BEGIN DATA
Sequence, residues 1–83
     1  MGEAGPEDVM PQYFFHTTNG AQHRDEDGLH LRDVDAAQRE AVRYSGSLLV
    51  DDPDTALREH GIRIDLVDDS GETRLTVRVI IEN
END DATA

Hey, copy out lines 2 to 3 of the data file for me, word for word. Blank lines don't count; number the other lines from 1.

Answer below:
     1  MGEAGPEDVM PQYFFHTTNG AQHRDEDGLH LRDVDAAQRE AVRYSGSLLV
    51  DDPDTALREH GIRIDLVDDS GETRLTVRVI IEN